A friend was sharing with me a story of his current struggles. In the story, he talked about the certainty of something occurring based on a friend’s remarks. I questioned the certainty of what was offered. My friend had trust in the person that shared it with him. He felt strongly that the certainty suggested was the only thing that could occur.
This conversation troubled me but I wasn’t, at first, sure why. In reflection, what became obvious to me is how often we confuse opinion, knowledge, and experience. In this case, the certainty that something specific will occur came from someone who did not have domain or subject matter knowledge around the situation nor did they have any first-hand experience with the struggle my friend was going through.
We often talk to others about our situations. They readily share their thoughts. But we rarely ask ourselves first, what knowledge or experience does the other person have to offer “good” ideas versus those individuals that will offer logical opinions that may or may not have any chance of helping us.
Our friends with opinions mean well. They are good people who care.
What our friends many times lack, is the knowledge or experience directly related to that which we cannot figure out, or the struggle we are faced with, or the obstacle that seems insurmountable. Our friends never start voicing their solution by first saying “I don’t have any knowledge or experience about this but here are my thoughts. They are only one person’s opinion concerning the topic that troubles you”. We ourselves never think of our words of help as being only an opinion when we have no specific subject matter knowledge or experience.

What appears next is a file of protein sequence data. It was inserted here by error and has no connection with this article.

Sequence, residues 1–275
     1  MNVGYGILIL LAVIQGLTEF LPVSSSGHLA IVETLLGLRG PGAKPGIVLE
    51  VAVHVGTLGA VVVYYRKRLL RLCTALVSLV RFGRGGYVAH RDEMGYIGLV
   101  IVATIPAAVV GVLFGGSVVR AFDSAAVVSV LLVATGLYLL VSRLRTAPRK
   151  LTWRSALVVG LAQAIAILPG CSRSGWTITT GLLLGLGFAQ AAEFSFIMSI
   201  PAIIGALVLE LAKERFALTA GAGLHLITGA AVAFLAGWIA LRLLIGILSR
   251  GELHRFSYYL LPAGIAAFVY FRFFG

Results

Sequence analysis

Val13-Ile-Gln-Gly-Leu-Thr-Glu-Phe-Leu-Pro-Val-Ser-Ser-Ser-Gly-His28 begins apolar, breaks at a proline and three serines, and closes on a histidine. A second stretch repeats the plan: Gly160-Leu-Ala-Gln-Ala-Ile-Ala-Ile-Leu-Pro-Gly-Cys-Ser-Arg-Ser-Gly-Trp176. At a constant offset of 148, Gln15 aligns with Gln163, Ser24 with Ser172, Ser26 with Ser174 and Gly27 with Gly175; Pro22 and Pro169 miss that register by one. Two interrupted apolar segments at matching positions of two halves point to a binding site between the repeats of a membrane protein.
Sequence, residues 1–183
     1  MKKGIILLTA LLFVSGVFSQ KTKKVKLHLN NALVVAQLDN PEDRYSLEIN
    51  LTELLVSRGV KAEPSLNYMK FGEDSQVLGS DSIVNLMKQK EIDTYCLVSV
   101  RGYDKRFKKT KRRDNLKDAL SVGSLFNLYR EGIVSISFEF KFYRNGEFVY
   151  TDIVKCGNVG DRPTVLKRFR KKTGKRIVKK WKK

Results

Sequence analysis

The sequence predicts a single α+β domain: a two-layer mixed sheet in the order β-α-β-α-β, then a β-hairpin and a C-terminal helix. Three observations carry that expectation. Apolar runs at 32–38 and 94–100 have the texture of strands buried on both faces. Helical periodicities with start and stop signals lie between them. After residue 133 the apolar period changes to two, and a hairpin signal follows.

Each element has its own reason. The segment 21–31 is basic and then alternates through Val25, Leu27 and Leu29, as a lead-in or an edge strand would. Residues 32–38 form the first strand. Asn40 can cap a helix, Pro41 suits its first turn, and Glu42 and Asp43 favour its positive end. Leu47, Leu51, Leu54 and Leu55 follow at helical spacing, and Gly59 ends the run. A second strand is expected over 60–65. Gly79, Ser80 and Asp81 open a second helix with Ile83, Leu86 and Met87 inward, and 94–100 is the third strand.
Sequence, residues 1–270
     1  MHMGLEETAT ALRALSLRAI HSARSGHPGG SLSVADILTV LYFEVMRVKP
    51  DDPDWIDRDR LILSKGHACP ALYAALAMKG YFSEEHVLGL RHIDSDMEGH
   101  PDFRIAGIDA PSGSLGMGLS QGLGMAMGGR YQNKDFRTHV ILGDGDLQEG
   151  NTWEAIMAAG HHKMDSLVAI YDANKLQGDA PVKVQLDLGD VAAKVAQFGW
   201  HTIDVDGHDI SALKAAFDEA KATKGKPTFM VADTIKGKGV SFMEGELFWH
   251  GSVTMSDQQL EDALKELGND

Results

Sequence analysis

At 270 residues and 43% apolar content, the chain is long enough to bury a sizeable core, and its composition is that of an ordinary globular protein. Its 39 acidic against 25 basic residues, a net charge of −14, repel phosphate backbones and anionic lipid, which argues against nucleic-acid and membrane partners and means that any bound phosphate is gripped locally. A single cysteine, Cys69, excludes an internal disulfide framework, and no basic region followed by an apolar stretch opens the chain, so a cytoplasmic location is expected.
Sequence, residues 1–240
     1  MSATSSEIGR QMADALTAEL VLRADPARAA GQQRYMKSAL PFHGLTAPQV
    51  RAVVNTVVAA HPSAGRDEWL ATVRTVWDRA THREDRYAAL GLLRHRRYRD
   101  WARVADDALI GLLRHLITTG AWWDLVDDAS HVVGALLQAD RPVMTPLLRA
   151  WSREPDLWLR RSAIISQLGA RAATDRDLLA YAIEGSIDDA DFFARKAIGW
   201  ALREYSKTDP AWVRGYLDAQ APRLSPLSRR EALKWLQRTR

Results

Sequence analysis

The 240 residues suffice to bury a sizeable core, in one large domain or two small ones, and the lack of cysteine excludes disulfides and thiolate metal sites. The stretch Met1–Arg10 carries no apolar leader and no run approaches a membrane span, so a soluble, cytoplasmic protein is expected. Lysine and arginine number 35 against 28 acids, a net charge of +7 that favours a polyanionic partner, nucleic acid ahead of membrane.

We make the mistake of forgetting that an opinion is only a point of view or judgment that may not be based on any facts or knowledge by definition.
Having subject matter knowledge differs from experience in a subject matter area. Experience has perspective, trial & error, and context all interwoven within a person’s subject matter knowledge. Someone without experience merely carries facts and tools with them into a situation. Having knowledge doesn’t mean that it will be applied properly in a situation.
Experience has the benefit of keeping score of things that worked and those that didn’t, using the same knowledge and tools as the inexperienced but subject matter trained rookie. There is a huge difference between them. Both, though, can be valuable when seeking help. Especially when we understand that a subject matter trained rookie can help us gain knowledge and an experienced person in a subject matter area can help us better navigate through what we are facing at this moment in time.
The skill you need to develop is to find ways to see what the person you are looking to for help brings with them to your conversation. Do they have knowledge, experience or merely are they good people who care that will share their opinion with empathy?
Knowing the answer to this question could mean the difference between spinning your wheels following opinions or gaining traction and movement by using the advice given to you from people who are either knowledgeable or experienced (or both) during your time of struggle, uncertainty, or challenge.